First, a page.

So it’s finally happened!
I stood up in front of a group of developers and gave a lightning talk about how Scouting Principles should be applied to every day development.
The amazing thing is that I didn’t get any rotten tomatoes thrown at me! quite the contrary in fact. Even with me doing the talk in full Scout uniform.
Now to see about finding some more places to speak and actually fleshing out the talk into something that can last a full hour and not just shy of 5 minutes.
Over all the time that I’ve been a developer I’ve had people telling me that I should get in front of an audience and speak. However I’ve always suffered from a rather bad case of ‘Imposter Syndrome’ which meant my automatic response to those kind of statements has always been… I don’t really know enough about any one topic.
This is very true, I’ve spent a lot of my career learning a really broad swathe of technologies and techniques so I can turn my hand to any task that’s been presented to me so far. Even so people continue to try convince me that it would be a worthwhile pursuit.
Now that I work at Magma Digital I find that I’m often talking with @phpcodemonkey about all sorts of things and the topic of creating a talk came up while we were enjoying the most excellent PHP South Coast Conference. He knows I’ve been a Scout Leader for around 4 years now, and he suggested that I do a talk on the ‘Boy Scout Rule’.
I don’t know if he was serious or not at the time but it set my mind racing! This is a topic that I actually know quite a lot about!
So I’m now going to leave behind the Dev in Charge and have now rebranded as the PHP Boy Scout. I’ve already managed to pull together the basis of a talk on how Scouting principles can be used in conjunction with what we do as Developers and have a few other ideas that I’m going to work on over the next few weeks.
Fingers crossed I will be better at doing this kind of thing than I suspect I will be… but nothing ventured and nothing gained!
I’ve been a Scout Leader for a few years now and the District I work within have very little by way of internet presence. As a bit of a pet project I started building a simple Scout based website for them to use.
So… Its been a long time since I posted anything of any relevance. This is due to having been super busy with my previous company Zucchi.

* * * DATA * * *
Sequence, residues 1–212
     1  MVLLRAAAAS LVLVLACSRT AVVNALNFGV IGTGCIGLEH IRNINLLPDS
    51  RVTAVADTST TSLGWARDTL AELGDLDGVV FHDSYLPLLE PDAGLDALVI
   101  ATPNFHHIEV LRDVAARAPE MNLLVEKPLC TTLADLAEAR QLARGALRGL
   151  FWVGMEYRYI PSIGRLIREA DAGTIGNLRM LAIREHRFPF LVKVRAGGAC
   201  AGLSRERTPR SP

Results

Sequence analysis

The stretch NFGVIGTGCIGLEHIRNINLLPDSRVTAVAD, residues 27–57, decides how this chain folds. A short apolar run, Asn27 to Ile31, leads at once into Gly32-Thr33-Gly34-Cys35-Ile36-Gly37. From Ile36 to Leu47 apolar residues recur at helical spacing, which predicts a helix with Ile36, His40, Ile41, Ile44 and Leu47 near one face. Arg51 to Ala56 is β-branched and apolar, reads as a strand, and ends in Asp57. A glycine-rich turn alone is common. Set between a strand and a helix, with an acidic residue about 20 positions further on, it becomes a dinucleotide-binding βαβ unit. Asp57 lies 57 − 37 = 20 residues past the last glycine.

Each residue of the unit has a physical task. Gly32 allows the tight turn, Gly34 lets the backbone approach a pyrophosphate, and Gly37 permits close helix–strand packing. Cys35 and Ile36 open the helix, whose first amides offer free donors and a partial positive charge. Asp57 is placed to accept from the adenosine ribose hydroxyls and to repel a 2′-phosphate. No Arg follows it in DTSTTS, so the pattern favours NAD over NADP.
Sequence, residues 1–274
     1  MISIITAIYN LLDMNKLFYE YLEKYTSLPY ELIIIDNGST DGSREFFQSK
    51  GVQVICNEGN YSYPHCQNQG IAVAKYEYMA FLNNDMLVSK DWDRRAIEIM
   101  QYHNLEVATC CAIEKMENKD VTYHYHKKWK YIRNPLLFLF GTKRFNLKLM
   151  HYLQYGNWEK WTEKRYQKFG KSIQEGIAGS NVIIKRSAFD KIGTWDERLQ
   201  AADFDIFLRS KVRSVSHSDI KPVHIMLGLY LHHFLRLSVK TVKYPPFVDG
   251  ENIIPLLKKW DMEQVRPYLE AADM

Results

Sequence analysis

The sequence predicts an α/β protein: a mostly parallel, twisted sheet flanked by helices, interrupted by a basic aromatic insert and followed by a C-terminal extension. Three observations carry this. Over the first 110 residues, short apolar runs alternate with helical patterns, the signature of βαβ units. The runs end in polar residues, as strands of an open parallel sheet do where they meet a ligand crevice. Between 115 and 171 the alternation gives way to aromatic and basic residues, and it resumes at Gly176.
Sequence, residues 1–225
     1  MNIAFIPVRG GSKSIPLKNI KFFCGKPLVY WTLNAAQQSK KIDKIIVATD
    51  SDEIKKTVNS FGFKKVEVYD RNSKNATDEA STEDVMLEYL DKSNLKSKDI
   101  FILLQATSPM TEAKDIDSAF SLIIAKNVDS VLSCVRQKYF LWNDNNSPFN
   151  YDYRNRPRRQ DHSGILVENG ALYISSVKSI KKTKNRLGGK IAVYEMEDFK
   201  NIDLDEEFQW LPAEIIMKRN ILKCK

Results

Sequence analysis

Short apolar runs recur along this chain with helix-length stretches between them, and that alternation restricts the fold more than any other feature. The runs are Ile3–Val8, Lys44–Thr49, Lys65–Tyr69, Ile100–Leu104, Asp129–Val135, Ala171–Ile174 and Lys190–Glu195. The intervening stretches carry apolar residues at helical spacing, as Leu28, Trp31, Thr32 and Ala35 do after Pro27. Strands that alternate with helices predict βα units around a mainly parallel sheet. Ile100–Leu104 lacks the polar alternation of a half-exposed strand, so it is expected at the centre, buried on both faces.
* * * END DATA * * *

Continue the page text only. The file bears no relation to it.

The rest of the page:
However that has all changed now! After three and a half years of running my own company I have decided that its not for me. I gave it my all, but in the end I was becoming too much of a Salesman and I missed getting stuck in with code.
I’ve now moved on and have joined the fantastic team at Magma Digital who have been leaders in PHP software development for somewhere in the region of 14 years as well as heavily involved in the PHP community having been a essential part of the PHPNW user group and conference.
This means I should be able to pick up where I left off all those years ago and start being more active again.
See you soon
Despite having been around for a while and having been through a couple of revisions, its support across browsers can vary greatly. From “Candidate Recommendation” on Chrome/Opera, “legacy flexbox” on Firefox and no support at all on IE9 and earlier.
Making flexbox work consistently across browsers was a challenge for us on a recent project, but I have found a solution that seems to work quite well.
Continue reading “Flexbox cross browser” »
We wanted to create a Route to our custom Products Controller in our products module for SilverStripe 3.1, such as: “http://www.examplesite.com/products/<product-slug>”
However looking at the Controller Documentation it was not clear how to create a route without an Action being supplied. In our example above the action is not specified, as we just want to use ‘view’.
We recently tried to use composer to set up SilverStripe 3.1, but ended up with a dependency nightmare. In order to work around this we decided to make use of Git submodules.
First set up your Git repository and run:
Next set up a site directory for the code inside your Git repository. Then navigate to SilverStripe Installer in your browser and Download a copy. Extract files, and copy contents to site folder. Now we need to add the CMS and Framework. Navigate in a browser to the Git Hub repositories for CMS and Framework. Now copy the HTTPS clone URL for each project and run the following, to add these as Git sub modules.
git submodule add https://github.com/silverstripe/silverstripe-framework.git site/framework
git submodule add https://github.com/silverstripe/silverstripe-cms.git <path-to-site>site/cms
We recently ran into problem using Doctrine 2 connecting to a Rackspace Cloud Database using the MySqli Driver.
We have a long running PHP script that can sometimes run for hours at a time whilst processing information. This script requires a connection to a database, but has long periods of inactivity where there is no actual interaction with MySQL. By default MySQL uses the “wait_timeout” setting which states, how long an inactive connection can exist before it is killed. This is normally fine with web pages requests, as it is usually a short lived request. Unfortunately you do not have the ability to alter this setting when using Rackspaces Cloud Database.
When using the MySQLi extension you can create a connection in “interactive mode” by passing the “MYSQLI_CLIENT_INTERACTIVE” flag, which will then use the “interactive_timeout” setting. On Rackspace this is set to 8 hours!
Annoyingly Doctrine does not allow you to pass any flags to the MySQLi Connection. So we overrode Doctrine\DBAL\Driver\Connection with our own Driver which then allows us to pass a “flags” parameter through.
Feel free to look at some of the other helpful features in we have added to Doctrine 2 here: ZucchiDoctrine